Navigation and Communication Radio

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PS Engineering announces new audio options

Article | Jul 24, 2013

PS Engineering has certified an audio panel with integrated com radio, and is also offering a space-saving solution for homebuilt panels.

New pilot credits AOPA, gastric bypass for passing checkride

Article | Jul 17, 2013

Michael Prevost’s decision to get gastric bypass surgery eventually led to him passing his private pilot checkride.

Debonair Sweepstakes: One Pumped-Up Panel

Pilot Magazine | Jul 01, 2013

I think AOPA's sweepstakes Debonair must surely take the prize for the most advanced panel in a 50-year-old general aviation airplane--anywhere in the world. Although space doesn't permit a full description of all its functionality, it's worth reviewing the hardware in the Debonair's office.

Avionics: Who are you talking to?

Pilot Magazine | Jul 01, 2013

There's a momentary doubt each time we check in on a new frequency: Did I hear it right? Did I dial it in correctly? Was I given the proper frequency? Garmin's new radios, the GNC 255A nav/com and the GTR 225 com, take away any uncertainty.

New Dynon ‘SkyView’ products

Article | Jun 04, 2013

Dynon Avionics has begun shipping a new series of products related to its highly integrated SkyView glass panels.

IFR Fix: A distraction you can count on

Article | May 31, 2013

How many times will you be distracted on your next instrument flight?

Never Again: A slap in the face

Pilot Magazine | May 01, 2013

Never Again Listen to this month's "Never Again" story: A slap in the face. Download the mp3 file or download the iTunes podcast.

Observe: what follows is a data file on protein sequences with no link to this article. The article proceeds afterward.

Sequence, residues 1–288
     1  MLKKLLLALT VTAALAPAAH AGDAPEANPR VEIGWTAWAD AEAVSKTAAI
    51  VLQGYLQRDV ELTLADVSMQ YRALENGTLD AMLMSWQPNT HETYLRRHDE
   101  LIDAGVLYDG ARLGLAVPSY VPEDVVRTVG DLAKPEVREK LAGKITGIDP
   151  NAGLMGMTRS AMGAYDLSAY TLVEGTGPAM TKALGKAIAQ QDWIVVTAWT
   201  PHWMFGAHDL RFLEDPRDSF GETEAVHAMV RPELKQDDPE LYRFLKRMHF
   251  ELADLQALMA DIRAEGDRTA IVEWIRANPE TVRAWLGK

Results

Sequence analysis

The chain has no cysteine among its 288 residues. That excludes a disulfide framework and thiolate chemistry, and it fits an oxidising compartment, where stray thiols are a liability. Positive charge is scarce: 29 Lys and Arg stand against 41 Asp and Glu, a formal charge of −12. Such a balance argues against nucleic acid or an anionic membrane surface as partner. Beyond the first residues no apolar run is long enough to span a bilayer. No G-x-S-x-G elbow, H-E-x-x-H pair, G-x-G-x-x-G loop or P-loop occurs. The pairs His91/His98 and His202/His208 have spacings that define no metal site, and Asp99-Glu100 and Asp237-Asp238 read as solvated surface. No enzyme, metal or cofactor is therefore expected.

President's Position: Paranoia?

Pilot Magazine | May 01, 2013

During the past few weeks, I have found myself thinking more than once of the adage: “You’re not paranoid if people really are out to get you.” For months, the administration in Washington, D.C., said sequestration simply would not happen. But, then it did.

IFR Fix: Maximum magenta

Article | Apr 19, 2013

The altitude was one of only two numbers spoken in the radio call from the center controller, but not one the pilot would want to miss if reception were poor in the low altitudes after departure: “Leaving 3,000 feet,” the controller said, “Turn left to heading 270; when able proceed direct Augusta.” If you haven’t heard an ATC call like that one, eventually you will, because those are the type of instructions a flight receives from an air route traffic control center on initial call-up after departure from an airport not served by either radar approach/departure control or a control tower. (This airport’s tower is scheduled to close.) The “altitude leaving” part is there because a controller can’t give you an IFR clearance until you are above the sector’s minimum vectoring altitude (unless you can climb in VFR conditions).

Sun ’n Fun news briefs

Article | Apr 11, 2013

Sun n Fun news briefs Mayor proclaims WASP commemoration day Lakeland, Fla., Mayor Gow Fields proclaimed April 11 Women in Air Service 70th Anniversary Commemoration Day.